Putting together the pieces

Since I’ve started writing my Invictus story and have talked to my parents, it’s amazing what they remember that I don’t. Or what my mind has willed me to forget. Talking with them for my story (since it’s not just about me) has helped me to put together the pieces of my puzzle: when this happened, that happened, how they felt about this, why they did that. It’s helping me re-create my outline as well as remember bits of the story I had all but forgotten.

When I sat down to have a conversation with my parents about myself, I’ll admit I tended to think that I knew everything they would say. After all, we were talking about me. But soon my naïve self realized something: It’s not just my story. It’s their story as well. I wasn’t prepared to hear the secret conversations they had behind my back. I truly thought at the time they had no idea. I’m not kidding. I really thought they had no idea that I was trying to starve myself, that I hated myself, that I wanted to end my own life. But talking with them has helped me to realize they did have these conversations. They did know. And they were terrified because they didn’t know what to do when they had a daughter with these serious issues.

This is exactly why it’s important to have more than just “I” in a memoir. Other people are just as crucial to the story as myself. They are helping me fill in the holes, the missing pieces of the puzzle I didn’t even know existed. Throughout my story, I have scenes where I’m not even present. I believe these will be the most telling because they are stepping outside of my views and what I saw on a daily basis and letting the reader into what my parents saw.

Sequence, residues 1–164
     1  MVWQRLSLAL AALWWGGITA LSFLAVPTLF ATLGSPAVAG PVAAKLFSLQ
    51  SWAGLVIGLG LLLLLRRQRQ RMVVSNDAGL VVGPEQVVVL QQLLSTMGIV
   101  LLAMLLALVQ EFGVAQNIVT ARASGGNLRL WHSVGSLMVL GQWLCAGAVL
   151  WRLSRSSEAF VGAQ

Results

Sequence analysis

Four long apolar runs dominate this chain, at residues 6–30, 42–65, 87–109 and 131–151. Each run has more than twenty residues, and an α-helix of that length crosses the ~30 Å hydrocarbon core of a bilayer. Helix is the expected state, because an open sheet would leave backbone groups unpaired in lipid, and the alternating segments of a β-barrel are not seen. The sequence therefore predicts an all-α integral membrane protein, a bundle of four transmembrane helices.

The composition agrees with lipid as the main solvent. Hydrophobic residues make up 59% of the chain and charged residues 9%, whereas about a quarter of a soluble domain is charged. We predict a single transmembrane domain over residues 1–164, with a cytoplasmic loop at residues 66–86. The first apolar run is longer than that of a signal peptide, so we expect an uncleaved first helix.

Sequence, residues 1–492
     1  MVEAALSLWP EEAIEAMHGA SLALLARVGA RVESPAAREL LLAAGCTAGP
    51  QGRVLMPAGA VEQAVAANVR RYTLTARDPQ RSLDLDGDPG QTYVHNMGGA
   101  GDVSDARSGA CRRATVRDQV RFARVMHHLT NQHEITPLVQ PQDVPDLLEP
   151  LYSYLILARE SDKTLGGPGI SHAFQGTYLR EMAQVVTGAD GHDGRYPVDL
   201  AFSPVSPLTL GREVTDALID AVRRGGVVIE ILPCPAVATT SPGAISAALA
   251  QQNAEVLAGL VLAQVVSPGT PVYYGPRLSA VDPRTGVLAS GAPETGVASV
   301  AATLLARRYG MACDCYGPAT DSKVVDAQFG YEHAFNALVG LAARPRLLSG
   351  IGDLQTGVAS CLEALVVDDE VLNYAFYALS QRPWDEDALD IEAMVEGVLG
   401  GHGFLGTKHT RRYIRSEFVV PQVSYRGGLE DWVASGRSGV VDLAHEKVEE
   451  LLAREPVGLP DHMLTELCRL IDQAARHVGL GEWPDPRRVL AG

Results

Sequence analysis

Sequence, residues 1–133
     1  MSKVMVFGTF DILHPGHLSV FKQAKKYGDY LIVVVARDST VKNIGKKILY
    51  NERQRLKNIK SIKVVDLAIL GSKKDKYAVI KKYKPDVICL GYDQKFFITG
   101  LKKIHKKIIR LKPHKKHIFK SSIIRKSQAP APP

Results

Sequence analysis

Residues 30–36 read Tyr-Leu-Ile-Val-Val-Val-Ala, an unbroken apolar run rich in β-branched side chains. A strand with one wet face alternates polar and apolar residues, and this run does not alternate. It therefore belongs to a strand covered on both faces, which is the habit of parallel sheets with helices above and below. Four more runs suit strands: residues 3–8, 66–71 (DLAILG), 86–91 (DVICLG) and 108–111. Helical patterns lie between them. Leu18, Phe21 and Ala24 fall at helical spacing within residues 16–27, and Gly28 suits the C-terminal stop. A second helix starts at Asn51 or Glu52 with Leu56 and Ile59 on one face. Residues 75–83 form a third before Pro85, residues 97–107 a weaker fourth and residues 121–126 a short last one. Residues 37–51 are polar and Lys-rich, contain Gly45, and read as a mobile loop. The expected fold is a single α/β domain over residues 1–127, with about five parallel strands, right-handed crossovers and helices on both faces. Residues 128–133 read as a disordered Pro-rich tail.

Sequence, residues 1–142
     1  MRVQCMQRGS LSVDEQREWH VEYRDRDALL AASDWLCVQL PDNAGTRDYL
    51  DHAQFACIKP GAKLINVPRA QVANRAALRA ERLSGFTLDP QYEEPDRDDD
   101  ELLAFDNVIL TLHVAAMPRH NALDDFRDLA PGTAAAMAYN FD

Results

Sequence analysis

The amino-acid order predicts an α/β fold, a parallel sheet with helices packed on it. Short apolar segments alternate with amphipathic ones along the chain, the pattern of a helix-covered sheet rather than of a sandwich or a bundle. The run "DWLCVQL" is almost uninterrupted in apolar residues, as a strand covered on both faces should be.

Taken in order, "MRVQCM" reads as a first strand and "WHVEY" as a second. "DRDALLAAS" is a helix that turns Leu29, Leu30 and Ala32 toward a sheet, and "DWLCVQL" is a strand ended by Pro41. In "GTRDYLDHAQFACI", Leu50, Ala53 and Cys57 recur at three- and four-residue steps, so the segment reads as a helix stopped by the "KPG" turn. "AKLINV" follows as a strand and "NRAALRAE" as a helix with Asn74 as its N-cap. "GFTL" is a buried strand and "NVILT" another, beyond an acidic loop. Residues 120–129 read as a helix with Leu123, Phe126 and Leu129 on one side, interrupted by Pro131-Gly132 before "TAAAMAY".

I won’t lie. It has been hard so far. Delving into the past and bringing up those feelings are never easy. Memories fade and get fuzzy, minds unconsciously shove out what they don’t want to remember. But having these conversations and filling in the puzzle pieces are in turn filling in my story because one person never has all the answers. I know I don’t, not even for my own story.

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  • Chlling. I don’t think I could handle hearing about the conversations my parents had behind my back. You’re a bold kid, Sara. Good luck!

    • The Invictus Project forces writers to tell an important moment in their lives, but to tell that from the perspective of everyone involved. That means asking people to tell their own stories, and not just react to some action thrust upon them. It’s not an easy task, and more writers fail at this than succeed (in our project). Sara is doing some amazing work, though.